What impact will energy data for 110 million homes have on the energy efficiency industry?
By: Ryan Meres, RESNET Programs Director
For more than a decade studies have consistently shown that home buyers want energy-efficient features, but few are aware of the impact those features have on energy cost. The average U.S. homeowner spends more on energy than property taxes and insurance, but energy is the only one of those three common expenses not considered in the mortgage process. The announcement and report released by the Rocky Mountain Institute (RMI) that real estate platforms have begun including energy information in their listings is a significant step toward reducing the barrier to the transparency of energy use in the home-buying process.
The Big Announcement
RMI announced that through UtilityScore homeowners or potential buyers can receive a score and estimated energy costs for homes listed on its site. Meanwhile, Redfin, one of the top 10 real estate platforms, is working with Tendril to provide an Energy Score for all homes on its platform, not just those listed for sale. RMI estimates that 110 million homes are now covered on these two platforms.
Impact of Transparency
The energy scores and estimated costs that Tendril and UtilityScore provide for residential real estate listings are based on estimates that use the following variables:
- Home size
- Home age
- Heating type
- Cooling type
- Local climate
- Other home characteristics (if known), including renewable energy, insulation levels, pool, or spa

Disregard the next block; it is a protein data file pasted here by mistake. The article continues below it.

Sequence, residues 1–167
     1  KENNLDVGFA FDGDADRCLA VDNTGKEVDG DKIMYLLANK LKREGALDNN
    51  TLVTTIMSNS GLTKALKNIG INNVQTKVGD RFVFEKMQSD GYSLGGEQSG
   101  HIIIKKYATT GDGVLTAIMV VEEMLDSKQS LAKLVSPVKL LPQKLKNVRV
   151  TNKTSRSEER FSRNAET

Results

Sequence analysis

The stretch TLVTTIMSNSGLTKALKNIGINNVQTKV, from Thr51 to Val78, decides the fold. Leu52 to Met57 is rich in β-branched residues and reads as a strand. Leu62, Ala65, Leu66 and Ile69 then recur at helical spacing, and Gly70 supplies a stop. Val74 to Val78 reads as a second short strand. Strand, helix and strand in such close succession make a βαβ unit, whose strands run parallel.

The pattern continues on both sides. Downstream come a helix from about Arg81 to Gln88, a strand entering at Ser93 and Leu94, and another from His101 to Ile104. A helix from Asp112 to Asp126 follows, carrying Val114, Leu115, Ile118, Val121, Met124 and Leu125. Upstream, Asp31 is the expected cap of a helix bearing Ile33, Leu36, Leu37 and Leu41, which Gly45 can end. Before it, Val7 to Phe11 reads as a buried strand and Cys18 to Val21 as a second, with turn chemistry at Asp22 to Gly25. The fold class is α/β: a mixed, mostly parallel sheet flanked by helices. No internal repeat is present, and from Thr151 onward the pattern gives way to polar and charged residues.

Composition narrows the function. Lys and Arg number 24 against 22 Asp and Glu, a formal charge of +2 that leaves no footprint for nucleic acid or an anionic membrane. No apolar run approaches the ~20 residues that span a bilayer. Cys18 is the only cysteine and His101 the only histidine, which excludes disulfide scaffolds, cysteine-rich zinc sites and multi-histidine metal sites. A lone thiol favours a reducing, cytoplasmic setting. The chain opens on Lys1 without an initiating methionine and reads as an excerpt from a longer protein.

Although there can be discrepancies in how the estimated energy costs compare to actual costs, homeowners can claim their home on these platforms and adjust for any facts that are incorrect or to account for energy efficiency upgrades and their score will update accordingly.
We can look at the commercial sector to see the impact that energy transparency has on energy use. Studies have shown that in cities with benchmarking and transparency laws where buildings are required to disclose energy consumption, energy use has decreased between two and nine percent in just three years.
The Good, The Bad, and The Confusing
It’s obvious that transparency is a good thing when it leads to competition for improving the energy efficiency of homes. Giving potential homebuyers a rough estimate of the energy use of a home provides an excellent platform for incorporating energy use in home-buying decisions. However, this doesn’t mean that energy consumption will get factored into the mortgage underwriting or appraisal process (which is the ultimate goal in order to provide value for energy efficiency). Unfortunately, the rough estimates provided by Tendril and UtilityScore are not robust enough for lenders or appraisers to use in their decision-making.
For more than two decades, the Residential Energy Services Network (RESNET) has championed that energy efficiency be valued in the real estate transaction process as part of our Home Energy Rating System (HERS). In fact, one study showed that homes with lower HERS Index scores had a 32% lower mortgage default rate. In the past 10 years, more than 2 million homes have been HERS Rated. The HERS Index is based on a scale of 100-0, where 0 is more efficient 100 (a home that scores a zero is considered a net-zero energy home). Unfortunately, the energy scores produced by UtilityScore and Tendril use a 0-100 score, where 100 is more efficient than 0.